Gin Trivia is a question-answer game structured around the mechanics of classic card game, Rummy.
The idea behind Gin Trivia is to take the traditional trivia game and flip the concept on its head. Rather than each player attempting to answer questions as individuals, players need to create their own questions on the fly, and are rewarded when they can demonstrate some piece of trivia that nobody else in the room knows.
This piece of trivia would ideally not be too easy, nor would it be too obscure. For example, if a player used the American history card, an example of a good trivia question would be, “He took office after Lincoln was assassinated in 1865”. An example of a poor trivia question would be, “Name each of the islands in order discovered on the four voyages of Christopher Columbus.”1.
Since it is difficult to quantify what represents a “good trivia question”, one has to rely on the entire group’s best judgment. In an ideal playthrough, every player would have learned something new by the end of the game.
Deal 6 cards out to each player. Place the rest of the cards face-down. Players proceed in a clockwise fashion from the dealer. On a player’s turn, they may either draw a card from the deck or discard pile, and then discard a single card face-up onto the discard pile. (In this respect, the game is not dissimilar to Rummy).
At this point, the player, hereafter known as the questioner, places one of their cards face-up on the table and asks a question related to the card’s category to the other players. The other players must work together to come to a unified consensus before attempting to answer the question. Only one answer can be given, so the players are expected to work together.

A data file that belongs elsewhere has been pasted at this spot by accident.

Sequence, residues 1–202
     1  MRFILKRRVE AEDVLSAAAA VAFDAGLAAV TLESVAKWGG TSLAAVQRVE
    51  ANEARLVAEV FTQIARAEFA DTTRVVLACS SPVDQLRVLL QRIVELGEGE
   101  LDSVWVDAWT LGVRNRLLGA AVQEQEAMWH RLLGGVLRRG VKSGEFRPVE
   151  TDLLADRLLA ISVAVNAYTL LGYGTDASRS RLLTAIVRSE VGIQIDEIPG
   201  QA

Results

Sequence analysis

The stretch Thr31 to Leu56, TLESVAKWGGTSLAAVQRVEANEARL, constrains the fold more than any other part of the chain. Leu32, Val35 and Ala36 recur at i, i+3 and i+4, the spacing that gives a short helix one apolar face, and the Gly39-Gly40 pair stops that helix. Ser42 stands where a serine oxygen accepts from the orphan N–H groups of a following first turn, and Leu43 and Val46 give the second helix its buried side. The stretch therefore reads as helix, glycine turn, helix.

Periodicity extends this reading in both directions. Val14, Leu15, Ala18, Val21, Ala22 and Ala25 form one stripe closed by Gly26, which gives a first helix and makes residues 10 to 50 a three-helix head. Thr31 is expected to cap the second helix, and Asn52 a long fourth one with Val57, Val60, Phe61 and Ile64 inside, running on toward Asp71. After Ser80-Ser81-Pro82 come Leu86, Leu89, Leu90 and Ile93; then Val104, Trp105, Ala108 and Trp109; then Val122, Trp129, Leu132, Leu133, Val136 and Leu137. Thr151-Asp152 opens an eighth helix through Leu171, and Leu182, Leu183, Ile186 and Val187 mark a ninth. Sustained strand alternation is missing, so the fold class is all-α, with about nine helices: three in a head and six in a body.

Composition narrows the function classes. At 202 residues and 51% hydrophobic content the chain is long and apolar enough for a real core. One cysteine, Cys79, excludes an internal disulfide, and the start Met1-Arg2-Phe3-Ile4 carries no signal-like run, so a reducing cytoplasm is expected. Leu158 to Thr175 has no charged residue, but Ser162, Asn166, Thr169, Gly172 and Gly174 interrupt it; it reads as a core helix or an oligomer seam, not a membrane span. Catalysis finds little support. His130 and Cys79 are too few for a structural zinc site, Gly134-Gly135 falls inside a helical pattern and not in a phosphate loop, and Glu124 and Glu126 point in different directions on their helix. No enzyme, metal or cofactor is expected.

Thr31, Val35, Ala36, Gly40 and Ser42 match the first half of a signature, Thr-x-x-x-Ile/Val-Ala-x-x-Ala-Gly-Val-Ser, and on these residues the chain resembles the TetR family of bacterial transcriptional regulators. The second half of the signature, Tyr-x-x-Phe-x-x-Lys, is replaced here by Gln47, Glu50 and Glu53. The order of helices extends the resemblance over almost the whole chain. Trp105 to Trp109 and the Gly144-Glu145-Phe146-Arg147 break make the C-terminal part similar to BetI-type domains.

If answered correctly, the questioner must return the card to their hand, and the game proceeds to the next player. If answered incorrectly, the questioner turns the card face-down in front of them. This card is effectively removed from play.
If a player has a card with the text “HINT” written on it, they may ask the questioner for a single hint. Examples of hints can include the first letter of the answer, or possibly asking for additional details. The hint card is then placed face-up in the discard pile, where it can potentially be picked up by the subsequent player.
When a player runs out of cards, they are declared the winner, and the game ends.
Besides a copy of the rules, which is also available as a word doc, the players will need to print out the grid of trivia categories. These can be cut up into 52 squares and attached to the fronts of standard playing cards using glue or tape. Alternatively if you would like to get a professional copy of the game, please visit our store.
 Unless your name is Stempel